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to excess, becomes in some degree criminal; it produces, or at least increases a frivolous turn of mind; unfits us for the discharge of any thing manly and serious; and indicates a degree of levity and thoughtlessness not very consistent with a just sense of those important interests, which as candidates for heaven we should have constantly present to our thoughts, nor suitable to those awful prospects into eternity which the Christian revelation opens to our view, and which ought to make the most serious impressions on every sincere believer in the Gospel of Christ.



We are now arrived at the thirteenth chapter of St. Matthew, in which our blessed Lord introduces a new mode of conveying his instructions to the people. Hitherto he had confined himself entirely to the plain didactic method, of which his sermon on the mount is a large and noble specimen. But his discourses now assume a different shape, and he begins in this chapter, for the first time, to address his hearers in parables. "The same day," says the evangelist, "went Jesus out of the house, and sat by the sea-side; and great multitudes were gathered together unto him, so that he went into a ship and sate; and the whole multitude stood on the shore, and he spake many things unto them in parables."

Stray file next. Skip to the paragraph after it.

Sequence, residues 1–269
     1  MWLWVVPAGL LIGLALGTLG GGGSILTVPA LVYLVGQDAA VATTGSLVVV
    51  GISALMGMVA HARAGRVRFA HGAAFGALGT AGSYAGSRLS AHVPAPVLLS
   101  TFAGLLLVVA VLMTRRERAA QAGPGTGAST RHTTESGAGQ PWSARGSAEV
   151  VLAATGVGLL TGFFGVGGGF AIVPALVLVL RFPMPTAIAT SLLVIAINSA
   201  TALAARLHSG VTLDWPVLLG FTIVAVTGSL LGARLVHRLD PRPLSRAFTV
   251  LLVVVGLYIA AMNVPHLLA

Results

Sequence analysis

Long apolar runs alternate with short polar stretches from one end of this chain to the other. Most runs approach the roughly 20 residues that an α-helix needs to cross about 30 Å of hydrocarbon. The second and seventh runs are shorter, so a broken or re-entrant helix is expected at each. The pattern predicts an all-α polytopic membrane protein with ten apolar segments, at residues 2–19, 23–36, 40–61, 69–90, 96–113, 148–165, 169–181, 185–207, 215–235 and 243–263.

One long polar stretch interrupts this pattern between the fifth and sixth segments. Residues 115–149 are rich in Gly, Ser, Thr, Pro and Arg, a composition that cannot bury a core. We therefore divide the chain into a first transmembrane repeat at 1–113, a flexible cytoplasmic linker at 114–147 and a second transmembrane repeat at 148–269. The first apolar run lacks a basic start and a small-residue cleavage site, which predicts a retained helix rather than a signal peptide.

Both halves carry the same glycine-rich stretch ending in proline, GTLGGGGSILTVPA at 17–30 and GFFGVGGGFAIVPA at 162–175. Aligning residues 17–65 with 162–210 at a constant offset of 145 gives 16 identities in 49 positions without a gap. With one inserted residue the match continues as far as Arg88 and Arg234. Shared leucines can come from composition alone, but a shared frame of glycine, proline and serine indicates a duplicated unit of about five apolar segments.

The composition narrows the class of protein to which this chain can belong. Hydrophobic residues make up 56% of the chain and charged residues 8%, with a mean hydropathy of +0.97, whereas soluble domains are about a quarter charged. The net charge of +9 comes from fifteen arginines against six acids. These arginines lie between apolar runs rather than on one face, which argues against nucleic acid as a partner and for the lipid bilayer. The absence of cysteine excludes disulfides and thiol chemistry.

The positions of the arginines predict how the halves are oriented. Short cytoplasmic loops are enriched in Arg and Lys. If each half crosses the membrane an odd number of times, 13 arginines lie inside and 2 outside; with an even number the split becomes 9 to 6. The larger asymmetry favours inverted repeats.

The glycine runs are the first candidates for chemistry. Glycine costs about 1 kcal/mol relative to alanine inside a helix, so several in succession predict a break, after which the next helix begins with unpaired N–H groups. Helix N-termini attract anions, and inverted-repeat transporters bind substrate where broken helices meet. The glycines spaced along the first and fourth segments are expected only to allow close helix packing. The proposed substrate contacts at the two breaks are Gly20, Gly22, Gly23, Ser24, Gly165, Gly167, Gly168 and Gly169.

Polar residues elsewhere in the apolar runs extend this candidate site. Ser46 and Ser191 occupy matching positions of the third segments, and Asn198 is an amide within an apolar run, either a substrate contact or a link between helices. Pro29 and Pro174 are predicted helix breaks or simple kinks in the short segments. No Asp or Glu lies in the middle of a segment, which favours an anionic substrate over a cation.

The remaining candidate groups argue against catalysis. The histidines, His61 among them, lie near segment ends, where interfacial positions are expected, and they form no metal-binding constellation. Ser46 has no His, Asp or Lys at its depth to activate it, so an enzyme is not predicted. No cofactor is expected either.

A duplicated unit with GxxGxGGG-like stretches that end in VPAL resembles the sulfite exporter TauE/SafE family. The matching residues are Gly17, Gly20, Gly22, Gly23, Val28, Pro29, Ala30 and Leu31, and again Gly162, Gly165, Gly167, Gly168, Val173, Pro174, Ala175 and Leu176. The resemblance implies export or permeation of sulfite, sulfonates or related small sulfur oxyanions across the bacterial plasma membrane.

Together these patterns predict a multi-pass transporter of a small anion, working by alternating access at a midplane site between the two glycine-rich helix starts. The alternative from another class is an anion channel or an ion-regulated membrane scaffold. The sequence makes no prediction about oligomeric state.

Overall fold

The word parable is sometimes used in scripture in a large and general sense, and applied to short sententious sayings, maxims, or aphorisms, expressed in a figurative, proverbial, or even poetical manner.

But in its strict and appropriate meaning, especially as applied to our Saviour's parables, it signifies a short narrative of some event or fact, real or fictitious, in which a continued comparison is carried on between sensible and spiritual objects; and under this similitude some important doctrine, moral or religious, is conveyed and enforced.

This mode of instruction has many advantages over every other, more particularly in recommending virtue, or reproving